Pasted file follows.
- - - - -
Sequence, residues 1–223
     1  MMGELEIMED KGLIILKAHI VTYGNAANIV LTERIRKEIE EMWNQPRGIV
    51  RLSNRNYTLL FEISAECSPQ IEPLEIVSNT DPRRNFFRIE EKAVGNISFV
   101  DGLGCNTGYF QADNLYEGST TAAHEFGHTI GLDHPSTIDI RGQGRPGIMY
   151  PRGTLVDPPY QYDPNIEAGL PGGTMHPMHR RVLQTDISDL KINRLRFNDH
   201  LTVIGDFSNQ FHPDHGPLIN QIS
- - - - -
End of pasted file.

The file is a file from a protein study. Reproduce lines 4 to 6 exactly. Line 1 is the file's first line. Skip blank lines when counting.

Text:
   101  DGLGCNTGYF QADNLYEGST TAAHEFGHTI GLDHPSTIDI RGQGRPGIMY
   151  PRGTLVDPPY QYDPNIEAGL PGGTMHPMHR RVLQTDISDL KINRLRFNDH
   201  LTVIGDFSNQ FHPDHGPLIN QIS